An Ideal Network for Military Systems? An ideal network is not defined by the interface technology itself; rather it is defined by the set of network characteristics that military system designers deem essential or desirable. In fact, from a basic building block point of view, all modern high-performance network interface implementations are comprised of the same building blocks. They include a host processor interface (for control and status), multiple DMA engines to move data efficiently to and from host memory, internal data buffering, protocol offload engines that handle framing, headers and routing, and a physical interface layer. The differences between different interface technologies lie only in specifics of the protocol and physical interface layers. Traditionally, Ethernet would not be viewed as a likely candidate for the ideal military network technology. But advances in technology and implementations now make it a very strong contender. Table 1 summarizes the ideal network characteristics mentioned above, and shows how they stack up against both traditional Ethernet, as well as the latest generation of Ethernet network interface hardware. While traditional Ethernet provides everything needed for general-purpose networking, it clearly does not provide
Main Feature the attributes needed for high-performance, high-reliability embedded military systems. Some of these network attributes (such as latency, determinism and reliability under high loads) that might be characterized as merely “desirable” in non-military applications become absolutely essential in highperformance, mission-critical military applications. These attributes are provided only by the latest generation of hardware-based TOE called Silicon Stack Ethernet.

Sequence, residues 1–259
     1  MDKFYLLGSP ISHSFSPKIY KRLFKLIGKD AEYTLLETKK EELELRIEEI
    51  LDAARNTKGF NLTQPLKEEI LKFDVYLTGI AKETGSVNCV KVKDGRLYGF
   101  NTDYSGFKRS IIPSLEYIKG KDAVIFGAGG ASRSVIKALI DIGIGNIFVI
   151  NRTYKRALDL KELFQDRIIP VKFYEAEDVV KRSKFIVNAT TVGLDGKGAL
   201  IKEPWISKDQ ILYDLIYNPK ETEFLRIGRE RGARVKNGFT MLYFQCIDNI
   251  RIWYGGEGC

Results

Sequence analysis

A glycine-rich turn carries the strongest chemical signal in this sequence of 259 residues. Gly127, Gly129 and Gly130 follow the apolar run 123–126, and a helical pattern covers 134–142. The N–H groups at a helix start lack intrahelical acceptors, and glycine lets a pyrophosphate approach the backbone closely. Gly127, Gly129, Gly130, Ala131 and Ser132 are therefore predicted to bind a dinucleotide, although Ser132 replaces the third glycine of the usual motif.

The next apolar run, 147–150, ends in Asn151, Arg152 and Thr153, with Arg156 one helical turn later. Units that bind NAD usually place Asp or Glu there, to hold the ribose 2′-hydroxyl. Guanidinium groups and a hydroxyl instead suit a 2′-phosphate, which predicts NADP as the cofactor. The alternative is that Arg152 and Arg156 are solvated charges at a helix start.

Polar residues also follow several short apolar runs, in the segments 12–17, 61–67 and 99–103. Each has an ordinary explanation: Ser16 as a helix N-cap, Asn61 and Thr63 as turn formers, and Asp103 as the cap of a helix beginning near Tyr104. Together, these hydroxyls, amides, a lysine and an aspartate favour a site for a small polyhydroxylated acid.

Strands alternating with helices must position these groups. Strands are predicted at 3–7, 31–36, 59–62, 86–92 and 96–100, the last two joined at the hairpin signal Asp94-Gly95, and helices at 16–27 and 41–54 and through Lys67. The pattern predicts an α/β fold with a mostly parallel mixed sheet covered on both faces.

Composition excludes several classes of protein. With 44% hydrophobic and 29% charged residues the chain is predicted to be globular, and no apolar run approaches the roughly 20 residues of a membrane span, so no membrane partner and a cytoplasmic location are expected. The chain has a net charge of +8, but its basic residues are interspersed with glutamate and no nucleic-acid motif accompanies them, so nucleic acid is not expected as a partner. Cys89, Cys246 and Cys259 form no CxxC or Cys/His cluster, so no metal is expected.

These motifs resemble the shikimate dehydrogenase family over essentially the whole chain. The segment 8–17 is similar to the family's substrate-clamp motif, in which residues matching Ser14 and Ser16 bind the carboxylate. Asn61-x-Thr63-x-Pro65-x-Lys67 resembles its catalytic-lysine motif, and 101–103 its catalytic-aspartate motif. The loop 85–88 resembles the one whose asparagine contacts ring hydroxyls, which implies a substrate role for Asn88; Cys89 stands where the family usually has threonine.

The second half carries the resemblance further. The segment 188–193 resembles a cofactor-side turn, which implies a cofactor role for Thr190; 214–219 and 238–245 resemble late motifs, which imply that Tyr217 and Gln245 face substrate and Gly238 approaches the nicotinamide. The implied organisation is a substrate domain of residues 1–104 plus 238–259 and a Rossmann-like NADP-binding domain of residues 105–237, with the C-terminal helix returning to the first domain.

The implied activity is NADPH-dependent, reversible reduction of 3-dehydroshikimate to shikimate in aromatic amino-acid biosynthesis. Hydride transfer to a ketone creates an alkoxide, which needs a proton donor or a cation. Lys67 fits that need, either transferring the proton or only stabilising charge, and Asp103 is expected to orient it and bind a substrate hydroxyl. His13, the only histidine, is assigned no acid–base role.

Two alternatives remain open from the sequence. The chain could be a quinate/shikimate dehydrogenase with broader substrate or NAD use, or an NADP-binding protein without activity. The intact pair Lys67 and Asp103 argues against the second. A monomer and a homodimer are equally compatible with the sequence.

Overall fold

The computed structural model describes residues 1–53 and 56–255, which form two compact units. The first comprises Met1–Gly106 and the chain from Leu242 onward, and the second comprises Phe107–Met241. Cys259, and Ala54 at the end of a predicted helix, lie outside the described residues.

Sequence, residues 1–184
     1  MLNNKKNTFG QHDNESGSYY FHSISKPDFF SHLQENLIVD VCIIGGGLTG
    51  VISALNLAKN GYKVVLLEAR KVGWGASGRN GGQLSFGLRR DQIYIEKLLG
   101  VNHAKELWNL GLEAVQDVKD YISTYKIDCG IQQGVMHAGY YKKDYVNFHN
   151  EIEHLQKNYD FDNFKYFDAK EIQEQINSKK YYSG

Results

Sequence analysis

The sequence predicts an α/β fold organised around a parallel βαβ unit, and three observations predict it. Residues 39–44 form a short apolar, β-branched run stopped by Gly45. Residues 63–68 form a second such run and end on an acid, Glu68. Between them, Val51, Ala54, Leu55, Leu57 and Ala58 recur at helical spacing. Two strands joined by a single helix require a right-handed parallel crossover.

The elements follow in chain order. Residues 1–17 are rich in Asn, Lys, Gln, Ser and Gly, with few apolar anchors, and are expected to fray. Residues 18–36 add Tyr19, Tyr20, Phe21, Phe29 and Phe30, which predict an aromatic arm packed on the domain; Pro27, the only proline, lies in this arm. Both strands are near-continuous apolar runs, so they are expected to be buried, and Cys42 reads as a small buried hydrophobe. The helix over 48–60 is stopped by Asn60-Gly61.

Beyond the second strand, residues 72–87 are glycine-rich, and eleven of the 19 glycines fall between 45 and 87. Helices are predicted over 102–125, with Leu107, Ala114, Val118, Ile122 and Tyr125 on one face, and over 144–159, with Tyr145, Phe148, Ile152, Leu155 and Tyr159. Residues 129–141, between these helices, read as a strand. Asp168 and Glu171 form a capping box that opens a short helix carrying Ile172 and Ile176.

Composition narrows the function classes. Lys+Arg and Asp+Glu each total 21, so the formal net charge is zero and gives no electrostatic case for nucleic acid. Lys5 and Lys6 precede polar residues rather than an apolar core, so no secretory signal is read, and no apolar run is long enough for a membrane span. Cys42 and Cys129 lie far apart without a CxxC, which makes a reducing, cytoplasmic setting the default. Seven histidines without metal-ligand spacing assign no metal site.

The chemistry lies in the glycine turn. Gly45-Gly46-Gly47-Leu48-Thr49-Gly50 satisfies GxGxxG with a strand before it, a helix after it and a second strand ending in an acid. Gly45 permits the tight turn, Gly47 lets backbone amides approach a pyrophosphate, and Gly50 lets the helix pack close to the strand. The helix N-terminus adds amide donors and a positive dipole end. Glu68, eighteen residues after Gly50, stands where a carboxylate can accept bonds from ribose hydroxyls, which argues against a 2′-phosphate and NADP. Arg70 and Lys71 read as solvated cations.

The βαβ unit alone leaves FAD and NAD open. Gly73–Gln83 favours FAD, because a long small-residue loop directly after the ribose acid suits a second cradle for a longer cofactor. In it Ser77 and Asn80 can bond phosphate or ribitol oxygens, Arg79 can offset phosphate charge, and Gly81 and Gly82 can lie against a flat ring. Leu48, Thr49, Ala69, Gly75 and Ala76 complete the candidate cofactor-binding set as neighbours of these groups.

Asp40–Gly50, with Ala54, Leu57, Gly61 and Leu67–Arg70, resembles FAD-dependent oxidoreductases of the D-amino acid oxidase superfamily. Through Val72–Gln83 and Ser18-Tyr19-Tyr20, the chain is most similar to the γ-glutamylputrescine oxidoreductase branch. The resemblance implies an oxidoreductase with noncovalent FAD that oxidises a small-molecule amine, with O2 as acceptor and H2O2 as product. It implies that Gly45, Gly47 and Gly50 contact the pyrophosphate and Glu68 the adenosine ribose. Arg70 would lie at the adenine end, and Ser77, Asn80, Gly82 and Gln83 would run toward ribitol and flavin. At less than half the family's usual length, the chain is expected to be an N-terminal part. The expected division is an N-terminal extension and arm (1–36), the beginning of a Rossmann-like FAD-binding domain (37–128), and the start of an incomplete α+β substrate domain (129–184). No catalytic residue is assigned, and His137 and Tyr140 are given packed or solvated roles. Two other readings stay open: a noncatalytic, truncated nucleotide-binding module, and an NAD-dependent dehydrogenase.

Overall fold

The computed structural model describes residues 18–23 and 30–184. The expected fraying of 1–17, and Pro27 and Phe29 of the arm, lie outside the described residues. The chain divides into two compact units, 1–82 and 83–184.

Usability Attributes · Ease of Use · Connect to everything · Standard APIs · Easy development · Low cost infrastructure · Obsolescence proof · Versatility · Protocol Support
1G/10G Ethernet Non-TOE
The strength of Ethernet has always been the use of rock-solid, widely adopted interface standards and protocols, including UDP, TCP, IP, the Sockets API, and a host of others. While the physical interface technology has progressed, the interface protocol standards have remained relatively unchanged. These standards ensured interoperability, straightforward development and integration, and protection against obsolescence; things that are as important in military systems today as they were 30 years ago. The common theme of all of these advantages is controlling system costs by minimizing development and support complexity, and avoiding obsolescence.
1G Ethernet HW-TOE
10G Ethernet HW-TOE Fibre Channel
The Inherent Advantages of Ethernet
Performance Attributes Figure 1
· Bandwidth · Legacy
· Reliability · Efficiency
The graphic positions Ethernet, along with a variety of other network technologies, in a twodimensional “application space.” This application space is meant to convey the requirements that system designers face in choosing network technologies for typical military embedded systems. The horizontal axis is termed Performance Attributes, with higher performance technologies to the right, while the vertical axis (Usability Attributes) encompasses those attributes that make an interface technology flexible, long-lived and easy to use.